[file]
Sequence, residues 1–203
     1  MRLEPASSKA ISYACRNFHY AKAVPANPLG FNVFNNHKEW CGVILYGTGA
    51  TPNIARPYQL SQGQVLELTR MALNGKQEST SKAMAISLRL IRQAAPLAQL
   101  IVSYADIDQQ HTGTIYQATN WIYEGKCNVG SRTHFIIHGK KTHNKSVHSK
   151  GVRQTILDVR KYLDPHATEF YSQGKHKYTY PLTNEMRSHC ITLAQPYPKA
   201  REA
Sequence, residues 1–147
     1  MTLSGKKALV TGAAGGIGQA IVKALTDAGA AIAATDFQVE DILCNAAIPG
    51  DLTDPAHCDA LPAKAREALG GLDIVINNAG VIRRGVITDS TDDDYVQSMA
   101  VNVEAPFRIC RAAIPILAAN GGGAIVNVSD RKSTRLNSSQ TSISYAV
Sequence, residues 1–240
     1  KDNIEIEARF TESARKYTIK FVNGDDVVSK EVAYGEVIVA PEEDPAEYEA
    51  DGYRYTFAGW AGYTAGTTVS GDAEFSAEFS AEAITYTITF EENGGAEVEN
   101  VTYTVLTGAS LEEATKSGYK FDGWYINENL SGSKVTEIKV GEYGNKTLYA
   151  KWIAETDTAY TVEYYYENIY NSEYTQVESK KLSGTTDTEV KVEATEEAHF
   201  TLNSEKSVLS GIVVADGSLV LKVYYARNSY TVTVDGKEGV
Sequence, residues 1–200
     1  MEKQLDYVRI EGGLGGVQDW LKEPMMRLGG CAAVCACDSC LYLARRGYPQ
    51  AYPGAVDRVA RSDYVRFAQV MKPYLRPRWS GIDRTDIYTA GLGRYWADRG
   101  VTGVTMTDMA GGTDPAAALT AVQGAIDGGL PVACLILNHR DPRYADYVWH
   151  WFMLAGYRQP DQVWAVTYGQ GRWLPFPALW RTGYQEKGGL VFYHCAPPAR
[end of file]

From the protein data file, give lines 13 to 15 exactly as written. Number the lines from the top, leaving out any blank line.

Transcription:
    51  DGYRYTFAGW AGYTAGTTVS GDAEFSAEFS AEAITYTITF EENGGAEVEN
   101  VTYTVLTGAS LEEATKSGYK FDGWYINENL SGSKVTEIKV GEYGNKTLYA
   151  KWIAETDTAY TVEYYYENIY NSEYTQVESK KLSGTTDTEV KVEATEEAHF